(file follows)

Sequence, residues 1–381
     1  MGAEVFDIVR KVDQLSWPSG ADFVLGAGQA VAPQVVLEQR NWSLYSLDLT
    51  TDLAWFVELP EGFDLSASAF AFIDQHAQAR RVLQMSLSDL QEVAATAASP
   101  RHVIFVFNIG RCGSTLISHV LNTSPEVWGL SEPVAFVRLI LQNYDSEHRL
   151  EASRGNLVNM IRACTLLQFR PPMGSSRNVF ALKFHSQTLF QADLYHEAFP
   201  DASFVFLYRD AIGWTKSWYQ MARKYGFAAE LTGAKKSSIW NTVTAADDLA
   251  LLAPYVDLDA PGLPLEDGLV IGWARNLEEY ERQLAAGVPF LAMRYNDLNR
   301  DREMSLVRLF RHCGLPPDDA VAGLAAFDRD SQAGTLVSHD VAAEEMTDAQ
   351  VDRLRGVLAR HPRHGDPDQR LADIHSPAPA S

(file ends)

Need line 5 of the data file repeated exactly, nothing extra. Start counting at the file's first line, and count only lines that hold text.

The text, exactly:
   151  EASRGNLVNM IRACTLLQFR PPMGSSRNVF ALKFHSQTLF QADLYHEAFP